Days: FRI Time: 12:30 pm - 4:10 pm Building: NSBLG Classroom: 1008
Instructor: Joe McKay joseph.mckay at purchase.edu
office located on first floor in the northeast corner of the building, 1007
Computers are slick beautiful machines, but what happens in the virtual world generally stays in the virtual world. This class is designed to bridge the gap between software and hardware - demystifying the space between the two. In this class we will introduce the arduino. The Arduino is an inexpensive microcontroller that has digital as well as analog inputs and outputs. It has a free programing environment for both mac and PC and plays well with Processing - which is also free.
This class requires quite a bit of programming. I will be providing a lot of sample code, but it is also necessary that you learn or already understand the basics of Processing if you do not have it already.
Class time will be divided between
- in class instruction
- discussing the readings
- working on labs and projects
- the occasional short quiz
- doing short presentations on artists and makers
This class will divide into three sections.
- In the first we will use the arduino to affect the computer by making our own custom game controllers - and our own custom games. In this section we will learn:
- using processing to access the arduino
- a review of Processing basics
- how to solder 101
- the breadboard
- using buttons and potentionmetes with the arduino
- fun with photocells
- how to read a basic schematic.
- recognizing electronic parts
- making (and remaking) pong with custom controllers
- proximity sensors.
In the second section we will be working on group projects. These projects will further eplore sensors and use them to further manipulate pixels on the screen.
- camera vision (including the Kinect!)
- RFID readers
- Pixel array manipulation
- We will combine all our skill for the individual final project.
In this section we will learn :
- taking stuff apart and how not to die doing it.
- Propose and produce a final project.
- classes will be structured to explore questions that are raised by the individual proposals.
Processing is an "open Source" program - meaning it is free to use and distribute. The arduino is sometimes referred to as "Open Source Hardware" - of course it's not free, but it's way cheaper than most micro controllers. In this spirit, our class will be "Open Source" as well. In your research you will learn some cool stuff. it's on you to share that cool stuff with the rest of us, and in return we will do the same with you.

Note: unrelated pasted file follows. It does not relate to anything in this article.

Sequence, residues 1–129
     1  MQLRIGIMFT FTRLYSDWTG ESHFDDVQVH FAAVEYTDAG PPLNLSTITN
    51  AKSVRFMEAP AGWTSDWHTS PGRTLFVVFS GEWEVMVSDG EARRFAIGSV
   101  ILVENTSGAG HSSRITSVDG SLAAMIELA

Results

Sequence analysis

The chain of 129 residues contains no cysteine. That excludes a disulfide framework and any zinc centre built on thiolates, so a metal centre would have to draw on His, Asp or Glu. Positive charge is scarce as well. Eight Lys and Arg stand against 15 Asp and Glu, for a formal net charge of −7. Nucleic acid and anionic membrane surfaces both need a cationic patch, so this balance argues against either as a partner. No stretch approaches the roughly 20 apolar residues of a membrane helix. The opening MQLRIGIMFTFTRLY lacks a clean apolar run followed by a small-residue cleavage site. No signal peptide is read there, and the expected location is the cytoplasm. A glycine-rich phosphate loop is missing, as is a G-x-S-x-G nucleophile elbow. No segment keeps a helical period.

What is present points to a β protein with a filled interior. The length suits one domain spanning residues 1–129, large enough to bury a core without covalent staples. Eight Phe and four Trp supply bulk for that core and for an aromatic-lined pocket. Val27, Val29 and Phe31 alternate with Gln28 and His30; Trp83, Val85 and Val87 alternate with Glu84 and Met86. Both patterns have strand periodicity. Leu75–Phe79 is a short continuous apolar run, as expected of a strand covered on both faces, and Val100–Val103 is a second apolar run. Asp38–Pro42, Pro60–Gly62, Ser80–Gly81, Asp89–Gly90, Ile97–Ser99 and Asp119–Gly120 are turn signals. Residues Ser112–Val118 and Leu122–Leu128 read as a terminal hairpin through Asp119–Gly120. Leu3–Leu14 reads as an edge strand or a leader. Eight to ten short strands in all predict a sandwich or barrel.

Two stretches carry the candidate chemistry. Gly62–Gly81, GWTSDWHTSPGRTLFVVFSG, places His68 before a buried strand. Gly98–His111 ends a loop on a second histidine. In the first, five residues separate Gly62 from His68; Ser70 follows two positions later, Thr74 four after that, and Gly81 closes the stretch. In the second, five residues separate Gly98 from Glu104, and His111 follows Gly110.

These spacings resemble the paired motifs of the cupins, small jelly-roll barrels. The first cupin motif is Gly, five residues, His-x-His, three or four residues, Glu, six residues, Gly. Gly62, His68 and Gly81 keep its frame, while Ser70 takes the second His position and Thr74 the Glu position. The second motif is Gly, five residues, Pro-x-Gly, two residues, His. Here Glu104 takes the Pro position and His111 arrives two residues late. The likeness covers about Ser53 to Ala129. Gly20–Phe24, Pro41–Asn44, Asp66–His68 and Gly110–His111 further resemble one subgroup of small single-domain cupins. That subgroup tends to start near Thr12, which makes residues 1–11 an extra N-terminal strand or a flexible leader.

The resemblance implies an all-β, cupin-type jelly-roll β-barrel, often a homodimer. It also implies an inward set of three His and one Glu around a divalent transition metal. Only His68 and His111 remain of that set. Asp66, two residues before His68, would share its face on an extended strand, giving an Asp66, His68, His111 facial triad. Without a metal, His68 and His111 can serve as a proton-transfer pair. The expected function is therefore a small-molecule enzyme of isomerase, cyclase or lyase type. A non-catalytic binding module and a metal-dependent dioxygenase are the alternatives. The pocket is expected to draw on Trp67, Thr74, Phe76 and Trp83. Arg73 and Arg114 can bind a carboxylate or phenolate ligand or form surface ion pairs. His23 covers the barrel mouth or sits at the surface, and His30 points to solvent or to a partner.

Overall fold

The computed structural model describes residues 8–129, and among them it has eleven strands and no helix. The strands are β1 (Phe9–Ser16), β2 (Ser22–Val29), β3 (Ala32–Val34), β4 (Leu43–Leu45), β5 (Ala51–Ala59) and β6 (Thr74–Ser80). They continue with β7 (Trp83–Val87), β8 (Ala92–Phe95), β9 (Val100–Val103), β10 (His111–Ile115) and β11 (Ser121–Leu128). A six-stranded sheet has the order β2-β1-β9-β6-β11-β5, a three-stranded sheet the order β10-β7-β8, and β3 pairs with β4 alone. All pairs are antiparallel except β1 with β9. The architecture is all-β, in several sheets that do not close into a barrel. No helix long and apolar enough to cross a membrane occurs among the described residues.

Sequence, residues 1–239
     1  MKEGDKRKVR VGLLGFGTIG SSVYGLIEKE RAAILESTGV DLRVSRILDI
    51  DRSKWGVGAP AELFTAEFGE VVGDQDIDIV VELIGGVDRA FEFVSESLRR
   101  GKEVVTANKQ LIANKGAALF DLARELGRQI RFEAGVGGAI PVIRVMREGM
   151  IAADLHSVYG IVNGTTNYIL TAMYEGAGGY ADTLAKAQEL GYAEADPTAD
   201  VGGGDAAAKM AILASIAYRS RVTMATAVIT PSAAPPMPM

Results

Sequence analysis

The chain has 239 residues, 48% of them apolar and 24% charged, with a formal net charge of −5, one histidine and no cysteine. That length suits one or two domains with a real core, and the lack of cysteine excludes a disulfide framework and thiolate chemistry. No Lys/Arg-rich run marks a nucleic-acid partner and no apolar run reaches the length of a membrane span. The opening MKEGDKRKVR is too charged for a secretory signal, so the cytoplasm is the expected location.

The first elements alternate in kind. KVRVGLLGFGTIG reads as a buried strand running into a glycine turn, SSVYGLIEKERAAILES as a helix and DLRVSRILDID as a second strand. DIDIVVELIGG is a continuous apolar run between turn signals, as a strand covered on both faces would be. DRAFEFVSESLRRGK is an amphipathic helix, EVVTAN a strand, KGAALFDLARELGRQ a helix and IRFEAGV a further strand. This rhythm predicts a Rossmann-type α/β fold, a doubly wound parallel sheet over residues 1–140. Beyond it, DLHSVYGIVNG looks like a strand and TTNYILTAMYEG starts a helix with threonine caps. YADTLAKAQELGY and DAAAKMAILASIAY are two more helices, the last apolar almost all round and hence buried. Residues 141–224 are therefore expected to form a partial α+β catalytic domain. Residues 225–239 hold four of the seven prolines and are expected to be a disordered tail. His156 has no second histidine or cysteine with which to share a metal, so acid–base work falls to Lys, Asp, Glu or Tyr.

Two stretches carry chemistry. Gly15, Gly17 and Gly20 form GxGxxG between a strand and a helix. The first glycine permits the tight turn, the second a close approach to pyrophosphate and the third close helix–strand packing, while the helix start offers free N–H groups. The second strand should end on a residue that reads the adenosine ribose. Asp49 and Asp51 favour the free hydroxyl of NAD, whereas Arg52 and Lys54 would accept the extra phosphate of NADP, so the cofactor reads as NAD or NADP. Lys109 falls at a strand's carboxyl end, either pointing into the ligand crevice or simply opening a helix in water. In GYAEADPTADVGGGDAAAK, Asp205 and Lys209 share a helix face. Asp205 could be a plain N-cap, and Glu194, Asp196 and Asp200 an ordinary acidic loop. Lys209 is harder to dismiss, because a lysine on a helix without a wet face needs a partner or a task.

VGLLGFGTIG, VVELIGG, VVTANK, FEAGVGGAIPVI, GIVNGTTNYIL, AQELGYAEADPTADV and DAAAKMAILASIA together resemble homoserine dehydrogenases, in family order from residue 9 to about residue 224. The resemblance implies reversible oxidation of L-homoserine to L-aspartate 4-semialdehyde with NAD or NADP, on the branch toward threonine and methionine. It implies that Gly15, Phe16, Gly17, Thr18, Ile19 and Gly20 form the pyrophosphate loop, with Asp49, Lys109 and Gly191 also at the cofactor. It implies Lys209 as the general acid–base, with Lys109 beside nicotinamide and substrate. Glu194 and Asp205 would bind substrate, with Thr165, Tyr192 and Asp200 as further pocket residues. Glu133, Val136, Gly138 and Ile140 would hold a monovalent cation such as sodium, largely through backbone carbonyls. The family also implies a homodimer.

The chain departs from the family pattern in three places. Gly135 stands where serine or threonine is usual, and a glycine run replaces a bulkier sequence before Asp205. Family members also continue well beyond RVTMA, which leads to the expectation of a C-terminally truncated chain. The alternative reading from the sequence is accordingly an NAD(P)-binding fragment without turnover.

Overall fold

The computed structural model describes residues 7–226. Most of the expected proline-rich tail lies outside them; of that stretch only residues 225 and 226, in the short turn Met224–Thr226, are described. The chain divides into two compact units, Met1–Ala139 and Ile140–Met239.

Also, you will be expected to be self directed. This means there will be a lot of class time during which you need to be working on your individual projects. "Working" means no Facebook, no twiiter, no texting, no pict-o-whatevering you kids are into.
A working understanding of Processing - or similar programing experience is a must.
A willingness to participate and share ideas.
A healthy fear and respect of electricity.
Each week we are going to be learning and doing quite a bit. Attendance is a must - please don't miss a class unless you really have to.
More than 2 absences is going to dramatically effect your grade. 4 absences is an F.
You DO need to come on time.
Each student will do a short presentation of an artist or maker that is doing something interesting. These presentations will be no longer than 10 - 15 minutes each, and begin in the second half of the semester.
- Participation and attendance 15%
- presentation 5%
- first assignment 25%
- second assignment 20%
- final project 30%
There will be some projects that may require you to buy / salvage your own materials. We will be talking about how to repurpose electronics in class. We have Arduinos for everyone, but when the class ends we will need them back, so if you want to get one to call your own I suggest you do - they cost about 30 bucks.
We share this room with physics, and we need to be respectful of their space and equipment. Do not move stuff around (especially if they have experimental equipment set up), and keep to our side of the classroom.
I really like this book by Daniel Shiffman